KIN 312 Fall 2016 Wu Week 4 lecture notes "Motor Abilities"
KIN 312 Fall 2016 Wu Week 4 lecture notes "Motor Abilities" KIN 312
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This 3 page Class Notes was uploaded by Natalie Wong on Tuesday September 13, 2016. The Class Notes belongs to KIN 312 at California State University Long Beach taught by Wilbur Wu in Fall 2016. Since its upload, it has received 7 views. For similar materials see Motor Control in Kinesiology at California State University Long Beach.
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Date Created: 09/13/16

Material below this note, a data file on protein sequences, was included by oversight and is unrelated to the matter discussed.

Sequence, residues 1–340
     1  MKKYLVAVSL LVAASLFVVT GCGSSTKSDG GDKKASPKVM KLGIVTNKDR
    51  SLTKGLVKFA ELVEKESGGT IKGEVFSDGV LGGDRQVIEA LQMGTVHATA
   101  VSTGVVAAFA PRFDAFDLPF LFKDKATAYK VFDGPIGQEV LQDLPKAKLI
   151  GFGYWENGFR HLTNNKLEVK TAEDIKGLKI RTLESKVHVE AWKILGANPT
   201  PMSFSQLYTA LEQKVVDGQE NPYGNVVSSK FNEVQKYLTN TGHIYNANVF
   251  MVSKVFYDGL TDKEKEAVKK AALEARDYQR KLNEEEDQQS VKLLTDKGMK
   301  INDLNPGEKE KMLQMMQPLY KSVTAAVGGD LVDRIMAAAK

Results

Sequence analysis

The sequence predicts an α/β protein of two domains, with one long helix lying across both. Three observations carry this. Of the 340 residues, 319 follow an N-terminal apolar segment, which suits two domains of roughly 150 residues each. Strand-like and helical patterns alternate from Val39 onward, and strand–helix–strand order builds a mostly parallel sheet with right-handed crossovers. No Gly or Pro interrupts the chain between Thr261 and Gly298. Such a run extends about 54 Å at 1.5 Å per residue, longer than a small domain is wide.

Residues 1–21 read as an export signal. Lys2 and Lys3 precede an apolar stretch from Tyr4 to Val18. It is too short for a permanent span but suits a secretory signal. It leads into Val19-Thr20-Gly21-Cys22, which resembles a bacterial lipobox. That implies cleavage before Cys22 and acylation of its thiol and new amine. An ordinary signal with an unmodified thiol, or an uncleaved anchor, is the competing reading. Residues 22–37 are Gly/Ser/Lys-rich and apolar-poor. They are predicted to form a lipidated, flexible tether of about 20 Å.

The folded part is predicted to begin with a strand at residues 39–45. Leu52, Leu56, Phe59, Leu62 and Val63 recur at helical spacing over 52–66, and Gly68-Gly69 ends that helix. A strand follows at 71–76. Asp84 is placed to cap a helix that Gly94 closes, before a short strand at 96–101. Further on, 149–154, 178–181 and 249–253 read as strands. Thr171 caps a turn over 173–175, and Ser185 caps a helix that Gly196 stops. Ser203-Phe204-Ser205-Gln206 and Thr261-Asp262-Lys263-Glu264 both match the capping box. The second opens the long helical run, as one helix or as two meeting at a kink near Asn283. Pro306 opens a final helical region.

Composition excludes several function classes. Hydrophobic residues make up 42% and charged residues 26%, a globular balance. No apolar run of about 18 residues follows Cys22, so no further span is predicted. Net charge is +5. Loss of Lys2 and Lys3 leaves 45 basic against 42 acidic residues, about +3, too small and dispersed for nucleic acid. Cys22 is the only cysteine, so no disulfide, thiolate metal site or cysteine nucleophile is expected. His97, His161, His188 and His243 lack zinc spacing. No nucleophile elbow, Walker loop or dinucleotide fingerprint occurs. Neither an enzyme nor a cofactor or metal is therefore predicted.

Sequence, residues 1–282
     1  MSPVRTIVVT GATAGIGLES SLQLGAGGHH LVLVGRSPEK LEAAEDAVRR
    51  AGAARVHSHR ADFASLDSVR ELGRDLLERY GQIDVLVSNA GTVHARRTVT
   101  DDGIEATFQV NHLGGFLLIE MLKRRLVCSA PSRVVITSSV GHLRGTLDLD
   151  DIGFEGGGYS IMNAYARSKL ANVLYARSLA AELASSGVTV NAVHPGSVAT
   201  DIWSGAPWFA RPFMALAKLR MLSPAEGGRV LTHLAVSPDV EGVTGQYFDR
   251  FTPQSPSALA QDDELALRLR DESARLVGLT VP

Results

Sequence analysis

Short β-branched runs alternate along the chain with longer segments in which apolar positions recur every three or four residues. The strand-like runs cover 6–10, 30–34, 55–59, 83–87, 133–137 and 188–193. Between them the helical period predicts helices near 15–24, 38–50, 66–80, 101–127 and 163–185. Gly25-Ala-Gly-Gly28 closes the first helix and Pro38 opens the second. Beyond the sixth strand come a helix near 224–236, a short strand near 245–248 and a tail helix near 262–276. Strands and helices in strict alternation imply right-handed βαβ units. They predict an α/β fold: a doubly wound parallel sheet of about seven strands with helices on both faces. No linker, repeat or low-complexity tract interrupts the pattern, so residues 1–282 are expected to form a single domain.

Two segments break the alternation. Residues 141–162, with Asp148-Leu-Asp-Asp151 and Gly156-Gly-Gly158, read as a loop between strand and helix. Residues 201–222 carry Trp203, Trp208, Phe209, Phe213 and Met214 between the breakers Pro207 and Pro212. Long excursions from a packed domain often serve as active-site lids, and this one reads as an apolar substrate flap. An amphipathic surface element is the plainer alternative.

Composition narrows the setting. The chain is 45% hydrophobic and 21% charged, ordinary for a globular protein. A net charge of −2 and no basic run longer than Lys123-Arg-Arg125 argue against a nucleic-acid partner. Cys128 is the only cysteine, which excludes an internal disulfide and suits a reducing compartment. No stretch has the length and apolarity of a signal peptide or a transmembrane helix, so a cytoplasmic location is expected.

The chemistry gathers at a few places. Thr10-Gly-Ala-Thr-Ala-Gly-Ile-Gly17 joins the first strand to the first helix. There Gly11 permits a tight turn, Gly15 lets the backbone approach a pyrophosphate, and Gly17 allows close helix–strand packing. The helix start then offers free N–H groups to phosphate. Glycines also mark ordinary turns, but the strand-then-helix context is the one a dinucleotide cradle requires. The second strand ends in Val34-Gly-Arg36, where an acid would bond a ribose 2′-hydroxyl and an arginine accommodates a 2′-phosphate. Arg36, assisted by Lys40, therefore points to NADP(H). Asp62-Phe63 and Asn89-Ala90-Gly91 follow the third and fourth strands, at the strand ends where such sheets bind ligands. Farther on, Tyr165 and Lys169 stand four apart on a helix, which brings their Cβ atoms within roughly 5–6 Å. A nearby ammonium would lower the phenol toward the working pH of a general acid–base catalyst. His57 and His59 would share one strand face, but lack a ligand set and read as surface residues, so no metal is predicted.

KIN 312: Fall 2016 – Week 4 Natalie Wong “Intro to Motor Control” (contd.) & “Motor Abilities” ***Notes are derived from Dr. Wu’s PPT lectures “Intro to Motor Control” (contd.) I. 2 ways to evaluate which theory is correct: a. Sheridan’s Characteristics of Human Movement i. Flexibility = recruiting muscles and joints to achieve the same action ii. Uniqueness = no two movements are EVER performed the same way iii. Consistency = temporal and spatial characteristics remain stable from one performance to another iv. Modifiability = modify movement while it’s being executed ***How do these characteristics relate to the theories of motor control? Reflex Theory Schema Theory Ecological/Dynamical Patterns Flexibility No Yes Yes Uniqueness No Yes Yes Consistency Yes Yes Yes Modifiability No Yes Yes ***Since Reflex theory is neither flexible, unique, or modifiable, it can be ruled out. We knew this from the previous lecture! We discussed that reflex theory is, while not classically used to explain motor control, a historical theory, and therefore must be included for that purpose. b. Degrees of Freedom Problem i. Degrees of Freedom = independent components of a complex system ii. The Problem = How does a nervous system control the many different degrees of freedom limbs and joints to enable a person to perform an action as intended? GMP Explanation - GMP indicates: Which muscle will be activated Duration Amount of force Sequencing Ecological Explanation - Individuals constrain muscles and joints in a way that is appropriate for the action - Muscle response structures/coordinative synergies are learned or genetic II. Which Theory is correct? a. No current agreement on answer b. Both are technically correct, but in some cases, one theory will work better than the other “Motor Abilities” I. Ability vs Motor Ability KIN 312: Fall 2016 – Week 4 Natalie Wong a. Ability = general trait or capacity that is relatively longterm which serves as a determinant of a person’s achievement potential for the performance of specific skills i. Ex: intellect, artistry/creativity, craftsmanship, etc. b. Motor Ability = ability specific to the performance of a motor skill i. Ex: accuracy, athleticism? (not a word motor control analysts like to use because it is very broad), ii. IndividualDifference variables = performance of motor skill depends on individual’s motor abilities that are beneficial to the performance of the skill Ex: Gymnasts – short to accommodate apparatus structural constraints; shorter body means lower center of mass and shorter levers greater ability to flip and rotate in the air and greater stability Ex: Tennis Players – tall to reach tennis ball in longitudinal and lateral ranges, cover court in fewer steps, greater force in serve because longer arms II. General vs Specific Motor Abilities a. General motor ability hypothesis = many different motor abilities that exist in an individual are highly related and can be characterized in terms of a singular, global motor ability i. Ex: Tiger Woods – motor ability crossover in golf, NBA, and NFL b. Specificity of motor abilities = many motor abilities an individual possesses are relatively independent i. Supported by Franklin Henry (1961) who used reaction time and arm movement time to show that the two are unrelated. Scenario 1 – quick reaction time, but slow arm movement Scenario 2 – slow reaction time, but ability to move arm fast ii. SO! Motor abilities are independent III. Balance and Timing Motor Abilities a. Balance i. Static (stationary) vs dynamic (moving) balance – these types of balance indicate that there are also many motor abilities for balancing ii. Ex: peripheral neuropathy patient (chronic tingles in limbs, like when your foot falls asleep) can stand and walk but must have some kind of support to completely balance iii. Ex: riding a bike (dynamic balance) is different from balancing on a bike in a stationary position (static balance) b. Timing – specific to the requirements of the skill being performed rather than a general timing ability i. External = when timing is determined by what is going on in the environment Ex: hitting a baseball – determined by when and how the pitcher throws the ball ii. Internal = when timing is predetermined by the body/is routine Ex: Timing required to execute a dance routine – specific timing to steps and choreography as a whole IV. “The AllAround Athlete” = a person with multiple motor abilities at high levels a. People have abilities that range high, average, and low b. Often, allaround athlete has 1 or 2 high level motor abilities that overlap among activites KIN 312: Fall 2016 – Week 4 Natalie Wong V. Identifying Motor Abilities a. Use Fleishman’s Taxonomy ***on BeachBoard! You must memorize the definitions to each motor ability OVERLYING CONCEPT: abilities underlie performance!
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